The first leg of the flight, to Honolulu, Hawaii, was quiet with the (then) expected meals and movie.  When the plane left Honolulu for the next leg, to Wake Island (a U.S. territory), many in uniform became nostalgic.  We were officially outside the borders of the United States.  I can only imagine their thoughts. Surely it had to be difficult for the news about Vietnam war casualities was never good.

When we landed on Wake Island, we made a mad dash to the terminal for our last taste of fresh (not reconstituted) milk, disguised as ice cream.  Like others, I ordered three vanilla scoops.  And, like the other passengers, I stopped midway back to the plane.  The landing strip on Wake Island didn't leave room for error.  The plane's nose wasn't that far from very blue water.

The flight from Wake Island to Okinawa turned into a long haul.  Some slept.  Most didn't.  Conversation that had been sparse since the journey began disappeared.  A certain nervousness had permeated the aircraft.  I say 'certain' because I have never since felt such tight vibes.  I have also never since flown into a staging area for a war.

The plane landed at Kadena Air Force Base at about 3:00 a.m.  Very tired, we straggled off the plane.  Among the uniformed personnel, a slight streak of gallows humor prevailed as we walked from the tarmac to the terminal.  If I had been inside a movie, I suppose the director would have inserted raw expletatives.  That seems to be the way these days with books as well.  But, no, the profanity many have come to rely upon in 2011 wasn't said in the wee hours of that August morning in 1968.  And, counter image, everyone was unfailingly polite.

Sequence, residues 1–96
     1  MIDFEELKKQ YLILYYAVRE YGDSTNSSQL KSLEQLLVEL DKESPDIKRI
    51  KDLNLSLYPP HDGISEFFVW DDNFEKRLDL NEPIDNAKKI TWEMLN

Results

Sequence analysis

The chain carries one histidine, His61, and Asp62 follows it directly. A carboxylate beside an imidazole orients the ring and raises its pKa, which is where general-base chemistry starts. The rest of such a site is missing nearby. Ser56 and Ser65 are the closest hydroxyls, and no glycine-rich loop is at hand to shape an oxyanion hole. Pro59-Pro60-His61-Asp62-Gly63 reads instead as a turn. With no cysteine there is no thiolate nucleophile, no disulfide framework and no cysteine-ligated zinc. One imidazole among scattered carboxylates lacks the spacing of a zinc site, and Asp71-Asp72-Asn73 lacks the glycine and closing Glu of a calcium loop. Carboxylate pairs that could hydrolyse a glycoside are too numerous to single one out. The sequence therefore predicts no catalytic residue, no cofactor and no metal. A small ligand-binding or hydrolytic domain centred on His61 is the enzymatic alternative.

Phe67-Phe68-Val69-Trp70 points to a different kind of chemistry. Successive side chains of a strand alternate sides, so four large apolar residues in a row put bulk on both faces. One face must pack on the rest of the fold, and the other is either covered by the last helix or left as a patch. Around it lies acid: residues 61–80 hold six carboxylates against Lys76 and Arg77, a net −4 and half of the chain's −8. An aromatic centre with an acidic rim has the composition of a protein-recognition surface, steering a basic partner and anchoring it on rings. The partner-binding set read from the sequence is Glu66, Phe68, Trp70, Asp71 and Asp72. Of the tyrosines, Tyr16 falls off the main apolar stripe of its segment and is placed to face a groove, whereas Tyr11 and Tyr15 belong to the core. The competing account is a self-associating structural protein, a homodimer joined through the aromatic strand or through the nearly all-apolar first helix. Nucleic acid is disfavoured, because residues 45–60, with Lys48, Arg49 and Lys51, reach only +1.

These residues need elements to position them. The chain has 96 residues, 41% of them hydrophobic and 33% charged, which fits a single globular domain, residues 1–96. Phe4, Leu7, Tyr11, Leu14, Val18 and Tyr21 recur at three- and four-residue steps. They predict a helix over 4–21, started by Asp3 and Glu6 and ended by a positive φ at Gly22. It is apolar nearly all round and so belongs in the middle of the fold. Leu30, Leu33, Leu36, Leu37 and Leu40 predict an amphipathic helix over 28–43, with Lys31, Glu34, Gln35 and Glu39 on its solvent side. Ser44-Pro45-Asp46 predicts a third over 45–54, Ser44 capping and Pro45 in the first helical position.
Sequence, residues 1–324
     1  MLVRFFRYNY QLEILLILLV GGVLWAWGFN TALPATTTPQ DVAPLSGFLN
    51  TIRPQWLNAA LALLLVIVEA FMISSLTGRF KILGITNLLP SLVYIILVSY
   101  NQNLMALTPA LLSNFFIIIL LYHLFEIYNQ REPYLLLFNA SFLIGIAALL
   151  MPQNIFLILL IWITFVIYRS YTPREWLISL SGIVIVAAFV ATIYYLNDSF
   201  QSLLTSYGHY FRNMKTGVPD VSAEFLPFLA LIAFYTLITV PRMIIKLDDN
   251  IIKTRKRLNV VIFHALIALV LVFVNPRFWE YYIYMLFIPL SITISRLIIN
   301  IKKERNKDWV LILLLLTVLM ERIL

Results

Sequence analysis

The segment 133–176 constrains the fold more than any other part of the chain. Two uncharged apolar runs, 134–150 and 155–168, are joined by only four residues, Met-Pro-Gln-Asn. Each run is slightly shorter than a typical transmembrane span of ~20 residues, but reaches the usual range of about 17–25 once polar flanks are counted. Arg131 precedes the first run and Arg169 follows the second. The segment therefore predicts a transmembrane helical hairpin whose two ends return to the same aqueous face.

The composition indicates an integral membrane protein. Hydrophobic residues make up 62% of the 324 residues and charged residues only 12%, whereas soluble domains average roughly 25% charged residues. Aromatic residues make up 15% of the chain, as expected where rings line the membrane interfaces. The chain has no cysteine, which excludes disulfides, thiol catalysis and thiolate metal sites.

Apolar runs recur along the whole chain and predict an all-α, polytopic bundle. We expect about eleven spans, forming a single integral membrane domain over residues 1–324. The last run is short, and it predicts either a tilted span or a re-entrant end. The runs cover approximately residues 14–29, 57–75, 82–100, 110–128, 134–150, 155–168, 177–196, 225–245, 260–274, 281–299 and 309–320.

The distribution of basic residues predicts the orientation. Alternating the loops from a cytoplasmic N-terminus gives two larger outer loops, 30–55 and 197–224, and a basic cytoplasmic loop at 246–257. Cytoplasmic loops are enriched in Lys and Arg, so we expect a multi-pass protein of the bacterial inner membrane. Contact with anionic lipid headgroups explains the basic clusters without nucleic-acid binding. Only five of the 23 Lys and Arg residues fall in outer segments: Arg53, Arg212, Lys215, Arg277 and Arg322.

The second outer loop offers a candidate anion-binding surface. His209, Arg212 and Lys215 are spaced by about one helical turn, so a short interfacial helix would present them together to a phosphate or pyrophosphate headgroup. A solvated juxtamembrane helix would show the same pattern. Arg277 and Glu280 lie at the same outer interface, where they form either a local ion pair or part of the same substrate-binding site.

I sometimes think back to that walk, from airplane to terminal.  Most of the uniformed personnel would remain on Okinawa for scant days, then face their fate in Vietnam.  Yet, politeness prevailed.  When I crossed toward Safeway's entrance last week, the nicely dressed young teens ahead of me couldn't drop  expletives fast enough. I couldn't help but wonder how they'd handle the rest of their lives.

Anyway, inside Kadena's large waiting area, soldiers, sailors (medics), and marines waited.  Lots of them.  Enough to fill the jumbo jet we'd come in on.  They began boarding before I exited that section of the terminal - on their way to Vietnam.  Laughter filled their steps.  The fear that laced the laughter made my blood run cold.  Statistics said some would return to the United States in a flag-draped coffin. 

Outside the brightly lit terminal, organized chaos reigned.  Military buses dropped off troops for the next flight to Vietnam or picked up troops from my flight.  The few civilians either left with waiting colleagues or, like me, got into the taxi line.  I didn't know what to expect so made sure I stood far back enough in the line to learn the procedure:  Produce my government orders and state the destination.  For me, it was Naha, Okinawa's capital, and an army base near the city.